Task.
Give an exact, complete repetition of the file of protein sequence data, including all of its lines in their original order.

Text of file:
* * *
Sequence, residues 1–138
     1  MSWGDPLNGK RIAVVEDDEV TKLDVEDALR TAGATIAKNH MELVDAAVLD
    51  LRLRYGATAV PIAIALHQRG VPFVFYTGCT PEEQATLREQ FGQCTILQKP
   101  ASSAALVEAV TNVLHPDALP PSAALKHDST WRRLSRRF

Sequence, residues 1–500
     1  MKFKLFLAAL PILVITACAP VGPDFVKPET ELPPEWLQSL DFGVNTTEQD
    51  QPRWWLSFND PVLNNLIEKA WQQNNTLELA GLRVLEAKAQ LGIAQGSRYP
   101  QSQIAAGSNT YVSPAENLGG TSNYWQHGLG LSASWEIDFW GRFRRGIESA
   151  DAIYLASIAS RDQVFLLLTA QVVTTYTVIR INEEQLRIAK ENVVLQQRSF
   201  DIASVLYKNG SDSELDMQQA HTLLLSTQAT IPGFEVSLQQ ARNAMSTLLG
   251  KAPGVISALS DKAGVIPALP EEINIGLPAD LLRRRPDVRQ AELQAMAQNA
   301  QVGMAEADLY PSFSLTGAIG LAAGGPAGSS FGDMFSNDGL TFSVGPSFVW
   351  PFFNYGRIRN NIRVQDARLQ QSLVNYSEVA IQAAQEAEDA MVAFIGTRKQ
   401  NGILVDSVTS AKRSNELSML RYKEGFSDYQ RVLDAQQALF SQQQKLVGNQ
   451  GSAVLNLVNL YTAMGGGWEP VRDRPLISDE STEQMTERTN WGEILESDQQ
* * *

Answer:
Sequence, residues 1–138
     1  MSWGDPLNGK RIAVVEDDEV TKLDVEDALR TAGATIAKNH MELVDAAVLD
    51  LRLRYGATAV PIAIALHQRG VPFVFYTGCT PEEQATLREQ FGQCTILQKP
   101  ASSAALVEAV TNVLHPDALP PSAALKHDST WRRLSRRF

Sequence, residues 1–500
     1  MKFKLFLAAL PILVITACAP VGPDFVKPET ELPPEWLQSL DFGVNTTEQD
    51  QPRWWLSFND PVLNNLIEKA WQQNNTLELA GLRVLEAKAQ LGIAQGSRYP
   101  QSQIAAGSNT YVSPAENLGG TSNYWQHGLG LSASWEIDFW GRFRRGIESA
   151  DAIYLASIAS RDQVFLLLTA QVVTTYTVIR INEEQLRIAK ENVVLQQRSF
   201  DIASVLYKNG SDSELDMQQA HTLLLSTQAT IPGFEVSLQQ ARNAMSTLLG
   251  KAPGVISALS DKAGVIPALP EEINIGLPAD LLRRRPDVRQ AELQAMAQNA
   301  QVGMAEADLY PSFSLTGAIG LAAGGPAGSS FGDMFSNDGL TFSVGPSFVW
   351  PFFNYGRIRN NIRVQDARLQ QSLVNYSEVA IQAAQEAEDA MVAFIGTRKQ
   401  NGILVDSVTS AKRSNELSML RYKEGFSDYQ RVLDAQQALF SQQQKLVGNQ
   451  GSAVLNLVNL YTAMGGGWEP VRDRPLISDE STEQMTERTN WGEILESDQQ